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Cablegate: Unesco Director General Campaign: Jordanian and Indian

C O N F I D E N T I A L   UNESCOPARI   12092227
DE RUEHFR #2227/01 3441639
P 091639Z DEC 08

C O N F I D E N T I A L SECTION 01 OF 02 PARIS FR 002227


E.O. 12958: DECL: 12/09/2018

REF: (A) PARIS FR 2202
(B) PARIS FR 2209
(C) PARIS FR 2220


1. (C) SUMMARY: During a meeting with Ambassador Oliver, the
Jordanian Ambassador to UNESCO said that Egypt will move ahead with
its candidate for the next Director General (DG) of UNESCO unless it
decides that its candidate, Minister of Culture Farouk Hosni, would
have serious difficulty getting elected. At a lunch organized by the
French Ambassador to UNESCO, concerns about Mr. Hosni were expressed
by Brazil, India, and Greece, while China and France repeated the
fact that their countries have not yet given formal support to Mr.
Hosni, as was stated in an interview given by Mr. Hosni published in
the Egyptian weekly, Al-Ahram. End Summary.

2. (C) Ambassador Oliver met with Jordan's Ambassador to UNESCO and
France, Dina Kawar, on December 5 to discuss the race for UNESCO's
next DG. Ambassador Oliver told Ambassador Kawar that although the
U.S. could not support Mr. Hosni, it had no problem with an Arab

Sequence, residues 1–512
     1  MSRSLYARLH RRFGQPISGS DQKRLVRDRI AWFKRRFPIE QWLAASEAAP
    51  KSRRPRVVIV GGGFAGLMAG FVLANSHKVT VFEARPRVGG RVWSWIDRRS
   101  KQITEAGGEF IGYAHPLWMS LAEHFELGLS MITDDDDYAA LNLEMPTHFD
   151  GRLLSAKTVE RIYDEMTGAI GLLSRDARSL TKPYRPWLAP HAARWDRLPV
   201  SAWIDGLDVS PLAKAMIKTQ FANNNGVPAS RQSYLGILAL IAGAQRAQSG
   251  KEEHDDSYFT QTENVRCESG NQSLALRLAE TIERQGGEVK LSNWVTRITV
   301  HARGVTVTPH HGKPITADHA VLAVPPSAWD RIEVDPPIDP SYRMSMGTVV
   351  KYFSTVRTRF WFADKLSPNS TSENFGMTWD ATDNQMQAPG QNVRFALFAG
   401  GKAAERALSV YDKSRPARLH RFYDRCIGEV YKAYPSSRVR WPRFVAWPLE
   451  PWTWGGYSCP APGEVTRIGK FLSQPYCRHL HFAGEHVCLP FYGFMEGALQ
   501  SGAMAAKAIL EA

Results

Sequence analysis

candidate. In response to a question from Ambassador Kawar as to the
reasons for the U.S. concerns with Mr. Hosni, Ambassador Oliver
stressed that the U.S. was very uncomfortable with some of Mr.
Hosni's public statements and the fact that he seemed to be
controversial and provocative. Ambassador Oliver added that some of
the comments in the introduction to an interview given by Mr. Hosni
to the Al-Ahram magazine were of concern as well.

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3. (C) Ambassador Kawar said that it was very important that the
U.S. confirm the truth of its concerns, as opposed to being
influenced by rumors and gossip. She added that if the concerns of
the U.S. were valid and serious, a discreet conversation with the
representative of the Arab League in Paris, Dr. Nassif Hitti, might
be a good idea since the head of the Arab League is Egyptian.
Ambassador Kawar also confirmed that Prince Hassan Bin Talal is not a
candidate for the DG position, as had been rumored. (Comment: